Raiders' Woodson returning to Lambeau, faces PackFILE - In this Oct. 6, 2013, file photo, Oakland Raiders cornerback Charles Woodson celebrates after intercepting San Diego Chargers quarterback Philip Rivers during an NFL football game in Oakland, Calif. In the time-warped world of professional sports, anything past 30 opens conversations about players being past their prime. If you get to 35, well, then the geriatric jokes start flying. (AP Photo/Tony Avelar, File)
GREEN BAY, Wis. (AP) -- One of the NFL's top quarterbacks learned from one of the best defensive backs in the game.
With Charles Woodson leading the defense and Aaron Rodgers running the offense, the Green Bay Packers had a remarkable run of success that included a Super Bowl win and a 15-1 record the following season.
The good friends will have a warm reunion Friday night when the safety returns to Lambeau Field for the first time since signing with Oakland last year. The Raiders visit Green Bay for a preseason game.
''Charles is one of my all-time favorite teammates. Probably the most talented guy, most dominant player that I've played with during his stretch, from his time he got here until he left,'' Rodgers said. ''I learned so much from him.''
Whatever he picked up, he's putting to good use. Rodgers practiced against Woodson extensively when he was running the scout team, and went up against Woodson every day in practice as the starter. He listened when Woodson would speak up, then watched the safety expand his leadership role.
Come Friday, Rodgers will try to pick apart a Raiders defense that has struggled early. It's expected to be the 2011 NFL MVP's most extensive action before the season opener in two weeks against Seattle.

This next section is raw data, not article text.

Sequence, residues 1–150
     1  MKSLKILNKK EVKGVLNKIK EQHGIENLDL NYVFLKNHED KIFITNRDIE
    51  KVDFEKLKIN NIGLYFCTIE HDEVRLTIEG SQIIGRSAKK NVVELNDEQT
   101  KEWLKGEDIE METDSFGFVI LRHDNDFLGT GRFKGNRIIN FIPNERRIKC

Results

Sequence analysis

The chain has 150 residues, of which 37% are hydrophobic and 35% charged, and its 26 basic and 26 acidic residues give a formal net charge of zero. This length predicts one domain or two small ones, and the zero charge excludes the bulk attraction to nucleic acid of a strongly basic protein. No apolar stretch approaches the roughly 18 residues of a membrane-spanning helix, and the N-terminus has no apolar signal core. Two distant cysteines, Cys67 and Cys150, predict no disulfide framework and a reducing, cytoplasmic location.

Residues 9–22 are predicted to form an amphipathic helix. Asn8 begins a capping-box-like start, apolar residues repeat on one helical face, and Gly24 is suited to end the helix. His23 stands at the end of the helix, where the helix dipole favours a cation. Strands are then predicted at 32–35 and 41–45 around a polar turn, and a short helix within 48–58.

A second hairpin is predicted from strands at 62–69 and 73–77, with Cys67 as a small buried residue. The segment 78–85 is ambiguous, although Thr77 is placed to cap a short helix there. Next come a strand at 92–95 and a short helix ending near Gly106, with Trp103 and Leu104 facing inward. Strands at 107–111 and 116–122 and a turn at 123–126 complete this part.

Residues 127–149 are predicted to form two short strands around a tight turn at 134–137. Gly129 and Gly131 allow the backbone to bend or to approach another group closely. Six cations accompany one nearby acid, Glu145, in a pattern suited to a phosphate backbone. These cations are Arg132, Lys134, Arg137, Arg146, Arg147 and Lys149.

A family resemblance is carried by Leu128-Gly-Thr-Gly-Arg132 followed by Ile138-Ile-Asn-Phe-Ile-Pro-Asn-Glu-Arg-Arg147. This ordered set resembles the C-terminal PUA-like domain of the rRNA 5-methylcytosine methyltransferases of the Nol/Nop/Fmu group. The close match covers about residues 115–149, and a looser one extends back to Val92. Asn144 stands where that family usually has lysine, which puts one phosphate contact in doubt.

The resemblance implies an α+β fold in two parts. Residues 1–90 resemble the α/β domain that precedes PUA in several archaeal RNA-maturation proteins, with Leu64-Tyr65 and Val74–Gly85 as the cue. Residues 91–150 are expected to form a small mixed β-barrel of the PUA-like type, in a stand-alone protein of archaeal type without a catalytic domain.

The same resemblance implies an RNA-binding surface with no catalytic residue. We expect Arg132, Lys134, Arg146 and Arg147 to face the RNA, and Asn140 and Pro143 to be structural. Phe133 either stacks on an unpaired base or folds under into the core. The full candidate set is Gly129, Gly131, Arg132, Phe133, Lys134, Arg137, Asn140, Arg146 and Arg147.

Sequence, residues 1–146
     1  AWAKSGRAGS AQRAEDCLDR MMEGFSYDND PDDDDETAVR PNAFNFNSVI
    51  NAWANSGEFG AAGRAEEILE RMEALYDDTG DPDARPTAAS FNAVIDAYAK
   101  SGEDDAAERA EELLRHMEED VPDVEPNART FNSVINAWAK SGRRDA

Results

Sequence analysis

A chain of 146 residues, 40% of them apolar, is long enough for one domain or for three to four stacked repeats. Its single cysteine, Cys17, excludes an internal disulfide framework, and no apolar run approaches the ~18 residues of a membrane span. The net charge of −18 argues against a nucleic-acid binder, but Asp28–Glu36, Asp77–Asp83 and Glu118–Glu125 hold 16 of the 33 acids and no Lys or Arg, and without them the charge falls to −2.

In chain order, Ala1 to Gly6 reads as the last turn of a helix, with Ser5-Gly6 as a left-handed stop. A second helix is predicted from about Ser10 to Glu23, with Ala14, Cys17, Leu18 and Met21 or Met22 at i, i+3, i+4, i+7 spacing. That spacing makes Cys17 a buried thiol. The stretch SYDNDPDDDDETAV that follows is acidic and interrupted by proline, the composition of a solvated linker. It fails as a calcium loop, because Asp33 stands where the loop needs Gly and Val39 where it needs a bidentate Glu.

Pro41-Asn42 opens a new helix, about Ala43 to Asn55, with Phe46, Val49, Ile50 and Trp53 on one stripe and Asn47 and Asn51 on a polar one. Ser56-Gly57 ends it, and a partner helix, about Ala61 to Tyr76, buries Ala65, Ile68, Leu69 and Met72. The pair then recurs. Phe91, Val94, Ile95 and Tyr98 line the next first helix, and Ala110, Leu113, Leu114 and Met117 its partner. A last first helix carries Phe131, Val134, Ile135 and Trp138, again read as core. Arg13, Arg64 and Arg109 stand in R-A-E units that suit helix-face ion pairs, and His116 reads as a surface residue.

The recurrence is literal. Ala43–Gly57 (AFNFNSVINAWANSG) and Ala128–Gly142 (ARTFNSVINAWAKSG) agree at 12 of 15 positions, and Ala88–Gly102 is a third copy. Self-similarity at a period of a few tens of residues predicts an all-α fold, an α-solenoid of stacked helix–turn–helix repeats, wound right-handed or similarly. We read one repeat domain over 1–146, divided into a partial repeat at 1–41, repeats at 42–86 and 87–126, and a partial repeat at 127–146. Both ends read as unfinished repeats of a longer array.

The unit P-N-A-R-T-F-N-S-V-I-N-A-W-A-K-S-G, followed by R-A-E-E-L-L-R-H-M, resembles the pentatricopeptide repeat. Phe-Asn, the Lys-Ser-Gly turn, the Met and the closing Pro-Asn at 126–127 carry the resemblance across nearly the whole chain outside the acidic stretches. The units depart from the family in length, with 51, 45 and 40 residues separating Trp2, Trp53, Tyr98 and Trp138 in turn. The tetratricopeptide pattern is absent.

Combined during the first two weeks against the Raiders, Matt Cassel and Matthew Stafford were 14 for 16 for 150 yards and two touchdowns against the first-team Oakland defense, and they led three touchdown drives in four possessions.
''It's the ultimate test. 'A-Rod' is the best quarterback in the league, in my eyes. Their offense has been explosive,'' Woodson said. ''I've seen it firsthand for many years.''
The Packers' first-team offense was in midseason form last week against St. Louis, albeit against an admittedly vanilla defense. Rodgers was 11 for 13 for 128 yards in two first-half drives, both leading to scores.
Woodson, who still has a lot of friends on the Packers, is looking forward to returning to Titletown.
''I don't know if I am looking forward to playing against 'A-Rod,''' he said, ''but it'll be fun to go back in that stadium.''
Oakland, in fact, has served as an outpost for former Packers in recent years with former Green Bay director of football operations Reggie McKenzie now Raiders general manager. Receiver James Jones and defensive lineman C.J. Wilson left Green Bay as free agents this year to sign in Oakland.
Jones' departure in particular left room in the Packers' receiving corps to pick up catches. Rookie Davante Adams, drafted in the second round by Green Bay, has taken notice. He's trying to earn Rodgers' confidence.
''He's going to come out and demand the most out of each and every one of us, whether it's a seven-year vet, or ... a rookie,'' Adams said. ''So he holds us to a high standard and I feel like that's what's making us better, because I feel I'm getting better every day.''
Adams played in a prolific offense in college at Fresno State, where his quarterback was Derek Carr. Also drafted in the second round, Carr is a backup with the Raiders. Carr sustained a concussion in last week's game.
The starter, Matt Schaub, hasn't looked great in the first two preseason games with one score on seven drives. Maybe Woodson will pass along a few tips on facing a Packers defense still coordinated by Dom Capers.
While still with the Packers before the 2011 season, Woodson challenged the team to go undefeated a year after winning the Super Bowl. Green Bay started 13-0 before its only regular season loss at Kansas City, 19-14.
Woodson ''was a guy who people just respected so much for the way he carried himself and the way he played on the field,'' Rodgers said, ''and it's hard to replace a guy like that.''
AP Sports Writer Josh Dubow contributed to this story.
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